Flight For Life® Colorado Crew Faces COVID-19 pandemic with Innovation, Optimism
The echoing thunder of helicopter blades and a bright flash of orange and yellow in the sky are familiar to area residents. As part of the Centura Health system, Mercy Regional Medical Center is privileged to have a Flight For Life® Colorado crew, helicopter and fixed-wing aircraft based in Durango. This highly-trained team provides irreplaceable, life-saving medical air transport to our rural Four Corners region. Always willing to jump in and support where needed, the Flight For Life crew are valued members of our Mercy Regional Medical Center family.
Though used to working in high-pressure situations, the Flight For Life team has faced unique challenges during the COVID-19 pandemic.
“I’ve never seen anything like this before in my career and I’ve been a nurse for almost 20 years,” Carrie Wassel, Flight Nurse, stated. “COVID has changed everything about the way I do my job, from how I interact with my coworkers to how I take care of my patients. I haven’t seen a patient face-to-face without a mask on for over a year and that’s been really strange.”
Flight For Life not only provides medical transport they also support local counties with search and rescue efforts. Due to the pandemic outdoor recreation in Colorado reached all-time highs in 2020. The increased popularity of backcountry exploration resulted in increased rescue operations for Carrie and her team.
“Everyone was trying to get outside,” Carrie explained. “There was nowhere else to go because everything was closed. As the spring and summer went on backcountry search and rescue calls went up. There were a lot of people coming to the mountains that weren’t necessarily prepared to recreate in the backcountry or take care of themselves if they got into trouble.”
In addition to increased calls, crew members had to don full personal protective equipment (PPE) which included coveralls, N95 masks and face guards. The first few times Carrie flew in full PPE was cumbersome.
“I remember my partner and I could barely hear each other, we had to shout through our masks and protective layers,” Carrie said. “It definitely upped the stress level.”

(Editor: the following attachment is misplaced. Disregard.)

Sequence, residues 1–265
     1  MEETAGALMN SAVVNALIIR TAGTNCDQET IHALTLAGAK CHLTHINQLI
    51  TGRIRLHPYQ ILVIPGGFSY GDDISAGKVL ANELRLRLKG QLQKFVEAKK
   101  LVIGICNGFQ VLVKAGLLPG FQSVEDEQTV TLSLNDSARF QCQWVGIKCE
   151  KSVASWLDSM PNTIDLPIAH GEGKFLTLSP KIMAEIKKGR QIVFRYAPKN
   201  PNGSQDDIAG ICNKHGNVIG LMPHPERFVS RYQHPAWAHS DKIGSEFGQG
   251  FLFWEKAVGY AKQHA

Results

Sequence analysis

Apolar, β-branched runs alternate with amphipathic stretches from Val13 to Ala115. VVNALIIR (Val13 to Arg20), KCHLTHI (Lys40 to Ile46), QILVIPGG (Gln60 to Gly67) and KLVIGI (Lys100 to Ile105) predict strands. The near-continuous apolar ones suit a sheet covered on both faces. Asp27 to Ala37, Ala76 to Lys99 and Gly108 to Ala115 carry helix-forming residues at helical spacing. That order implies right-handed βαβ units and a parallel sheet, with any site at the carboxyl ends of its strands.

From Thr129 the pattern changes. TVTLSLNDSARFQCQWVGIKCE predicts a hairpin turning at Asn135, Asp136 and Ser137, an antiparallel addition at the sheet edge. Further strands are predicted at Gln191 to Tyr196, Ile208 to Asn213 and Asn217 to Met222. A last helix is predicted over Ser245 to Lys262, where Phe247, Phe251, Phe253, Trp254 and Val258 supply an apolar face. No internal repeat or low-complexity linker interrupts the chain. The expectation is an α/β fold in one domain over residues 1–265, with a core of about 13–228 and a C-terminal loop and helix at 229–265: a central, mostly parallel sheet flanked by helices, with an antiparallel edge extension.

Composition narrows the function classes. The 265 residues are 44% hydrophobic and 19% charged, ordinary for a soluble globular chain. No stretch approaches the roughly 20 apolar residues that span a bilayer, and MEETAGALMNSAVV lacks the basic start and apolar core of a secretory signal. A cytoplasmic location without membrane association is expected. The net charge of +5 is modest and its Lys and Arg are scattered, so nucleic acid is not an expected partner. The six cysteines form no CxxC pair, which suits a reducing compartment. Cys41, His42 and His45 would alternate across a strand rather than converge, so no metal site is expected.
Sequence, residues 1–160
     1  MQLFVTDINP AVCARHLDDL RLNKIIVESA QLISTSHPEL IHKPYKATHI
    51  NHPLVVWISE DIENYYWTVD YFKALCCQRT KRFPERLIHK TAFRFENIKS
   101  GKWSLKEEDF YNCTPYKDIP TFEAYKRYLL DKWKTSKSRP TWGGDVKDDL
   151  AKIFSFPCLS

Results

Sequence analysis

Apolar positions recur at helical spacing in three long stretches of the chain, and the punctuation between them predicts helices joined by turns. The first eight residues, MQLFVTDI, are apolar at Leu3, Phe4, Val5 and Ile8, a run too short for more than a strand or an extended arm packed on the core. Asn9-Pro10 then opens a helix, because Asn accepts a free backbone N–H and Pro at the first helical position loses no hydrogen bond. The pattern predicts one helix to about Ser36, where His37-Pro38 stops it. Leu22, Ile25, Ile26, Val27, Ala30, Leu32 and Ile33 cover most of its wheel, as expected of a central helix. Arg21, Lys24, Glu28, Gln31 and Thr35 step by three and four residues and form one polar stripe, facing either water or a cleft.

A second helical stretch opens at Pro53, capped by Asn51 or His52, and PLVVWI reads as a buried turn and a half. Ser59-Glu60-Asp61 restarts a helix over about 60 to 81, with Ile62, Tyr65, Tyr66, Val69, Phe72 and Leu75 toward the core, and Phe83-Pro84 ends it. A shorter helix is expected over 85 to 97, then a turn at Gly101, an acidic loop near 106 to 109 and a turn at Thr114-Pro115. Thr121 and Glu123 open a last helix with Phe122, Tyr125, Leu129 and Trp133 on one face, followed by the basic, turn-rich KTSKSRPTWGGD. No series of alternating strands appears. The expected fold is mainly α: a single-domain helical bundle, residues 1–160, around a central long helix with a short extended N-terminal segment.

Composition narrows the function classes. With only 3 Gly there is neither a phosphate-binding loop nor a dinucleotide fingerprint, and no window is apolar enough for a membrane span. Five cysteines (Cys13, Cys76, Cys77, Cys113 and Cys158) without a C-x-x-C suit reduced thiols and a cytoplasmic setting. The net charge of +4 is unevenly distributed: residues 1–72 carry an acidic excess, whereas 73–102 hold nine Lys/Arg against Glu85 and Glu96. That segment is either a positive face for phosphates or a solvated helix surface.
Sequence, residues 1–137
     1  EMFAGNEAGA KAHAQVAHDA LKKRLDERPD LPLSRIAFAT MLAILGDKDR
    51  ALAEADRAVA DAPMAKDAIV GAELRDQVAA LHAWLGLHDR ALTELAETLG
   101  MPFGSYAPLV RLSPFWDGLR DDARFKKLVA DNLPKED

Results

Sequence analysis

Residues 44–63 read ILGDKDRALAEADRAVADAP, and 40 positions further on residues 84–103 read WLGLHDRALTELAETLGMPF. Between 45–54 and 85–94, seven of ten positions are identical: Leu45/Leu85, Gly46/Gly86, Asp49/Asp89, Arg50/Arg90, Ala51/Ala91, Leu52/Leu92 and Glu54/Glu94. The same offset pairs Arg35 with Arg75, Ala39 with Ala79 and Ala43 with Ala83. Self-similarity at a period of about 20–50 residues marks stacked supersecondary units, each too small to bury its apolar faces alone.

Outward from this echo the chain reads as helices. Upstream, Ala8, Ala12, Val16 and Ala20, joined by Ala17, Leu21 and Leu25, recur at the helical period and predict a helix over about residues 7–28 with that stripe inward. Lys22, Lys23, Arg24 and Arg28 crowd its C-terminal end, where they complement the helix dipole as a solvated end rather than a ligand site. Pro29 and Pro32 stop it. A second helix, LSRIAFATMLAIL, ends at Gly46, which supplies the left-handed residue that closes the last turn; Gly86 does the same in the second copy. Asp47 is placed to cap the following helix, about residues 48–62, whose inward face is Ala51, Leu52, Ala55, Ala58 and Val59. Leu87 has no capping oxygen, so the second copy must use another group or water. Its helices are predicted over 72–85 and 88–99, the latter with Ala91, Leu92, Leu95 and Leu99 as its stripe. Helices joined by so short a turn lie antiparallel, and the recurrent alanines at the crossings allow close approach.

“We look like we are from another planet,” Carrie said when describing the PPE. “I’m sure we look scary, that’s why we started attaching our photos and names to our clothing.”
As the pandemic continued so did innovation in COVID-19 response. Flight For Life crew members wear special flight suits equipped with upwards of 10 pockets in which the crew keep all the gear needed for their job. The need to wear the protective coveralls restricted the use of the pockets. One of the Flight For Life crew members suggested fanny packs as an alternative. The crew quickly made this suggestion a reality, purchasing fanny packs made of vinyl that can easily be wiped down. In addition, the crew now wear masks that are easier to hear and speak through and they have gotten used to wearing the required PPE.
Though the pandemic has been challenging, Carrie is optimistic about the future.
“We will find a new normal,” Carrie said. “We’ll continue to get used to wearing protective equipment and getting vaccinated. I hope we come away stronger as a country and a health care system. I try to look for the silver lining in any bad experience, and in this situation that silver lining is: I hope we learn something. I hope people can learn to be kinder to each other and take care of one another.”